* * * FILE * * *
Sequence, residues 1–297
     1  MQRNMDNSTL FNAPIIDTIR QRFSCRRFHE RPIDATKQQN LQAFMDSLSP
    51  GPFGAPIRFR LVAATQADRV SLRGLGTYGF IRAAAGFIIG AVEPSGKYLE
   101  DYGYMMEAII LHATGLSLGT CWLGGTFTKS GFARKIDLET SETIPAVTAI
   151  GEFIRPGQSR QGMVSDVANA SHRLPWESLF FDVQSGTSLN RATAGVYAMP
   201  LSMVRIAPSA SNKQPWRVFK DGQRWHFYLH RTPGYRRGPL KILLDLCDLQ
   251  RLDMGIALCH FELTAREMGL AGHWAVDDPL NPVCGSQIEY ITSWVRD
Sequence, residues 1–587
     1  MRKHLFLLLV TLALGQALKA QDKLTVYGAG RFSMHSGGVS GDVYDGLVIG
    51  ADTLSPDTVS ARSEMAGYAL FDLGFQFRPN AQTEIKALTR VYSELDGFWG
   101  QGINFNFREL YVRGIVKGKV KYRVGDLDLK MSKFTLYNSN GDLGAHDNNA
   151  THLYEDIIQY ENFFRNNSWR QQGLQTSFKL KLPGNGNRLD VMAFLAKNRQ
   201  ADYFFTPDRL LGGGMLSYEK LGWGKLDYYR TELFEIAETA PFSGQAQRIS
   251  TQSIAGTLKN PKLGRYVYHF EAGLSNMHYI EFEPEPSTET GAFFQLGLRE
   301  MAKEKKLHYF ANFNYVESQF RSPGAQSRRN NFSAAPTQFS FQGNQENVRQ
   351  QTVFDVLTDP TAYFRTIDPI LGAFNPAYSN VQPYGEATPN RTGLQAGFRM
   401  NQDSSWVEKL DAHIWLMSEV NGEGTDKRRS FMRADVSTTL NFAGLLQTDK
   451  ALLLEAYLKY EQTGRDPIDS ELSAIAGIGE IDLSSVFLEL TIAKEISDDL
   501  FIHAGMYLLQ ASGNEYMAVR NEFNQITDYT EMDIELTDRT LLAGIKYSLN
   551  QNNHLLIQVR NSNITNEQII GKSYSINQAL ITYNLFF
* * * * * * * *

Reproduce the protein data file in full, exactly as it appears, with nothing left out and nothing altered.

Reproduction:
Sequence, residues 1–297
     1  MQRNMDNSTL FNAPIIDTIR QRFSCRRFHE RPIDATKQQN LQAFMDSLSP
    51  GPFGAPIRFR LVAATQADRV SLRGLGTYGF IRAAAGFIIG AVEPSGKYLE
   101  DYGYMMEAII LHATGLSLGT CWLGGTFTKS GFARKIDLET SETIPAVTAI
   151  GEFIRPGQSR QGMVSDVANA SHRLPWESLF FDVQSGTSLN RATAGVYAMP
   201  LSMVRIAPSA SNKQPWRVFK DGQRWHFYLH RTPGYRRGPL KILLDLCDLQ
   251  RLDMGIALCH FELTAREMGL AGHWAVDDPL NPVCGSQIEY ITSWVRD
Sequence, residues 1–587
     1  MRKHLFLLLV TLALGQALKA QDKLTVYGAG RFSMHSGGVS GDVYDGLVIG
    51  ADTLSPDTVS ARSEMAGYAL FDLGFQFRPN AQTEIKALTR VYSELDGFWG
   101  QGINFNFREL YVRGIVKGKV KYRVGDLDLK MSKFTLYNSN GDLGAHDNNA
   151  THLYEDIIQY ENFFRNNSWR QQGLQTSFKL KLPGNGNRLD VMAFLAKNRQ
   201  ADYFFTPDRL LGGGMLSYEK LGWGKLDYYR TELFEIAETA PFSGQAQRIS
   251  TQSIAGTLKN PKLGRYVYHF EAGLSNMHYI EFEPEPSTET GAFFQLGLRE
   301  MAKEKKLHYF ANFNYVESQF RSPGAQSRRN NFSAAPTQFS FQGNQENVRQ
   351  QTVFDVLTDP TAYFRTIDPI LGAFNPAYSN VQPYGEATPN RTGLQAGFRM
   401  NQDSSWVEKL DAHIWLMSEV NGEGTDKRRS FMRADVSTTL NFAGLLQTDK
   451  ALLLEAYLKY EQTGRDPIDS ELSAIAGIGE IDLSSVFLEL TIAKEISDDL
   501  FIHAGMYLLQ ASGNEYMAVR NEFNQITDYT EMDIELTDRT LLAGIKYSLN
   551  QNNHLLIQVR NSNITNEQII GKSYSINQAL ITYNLFF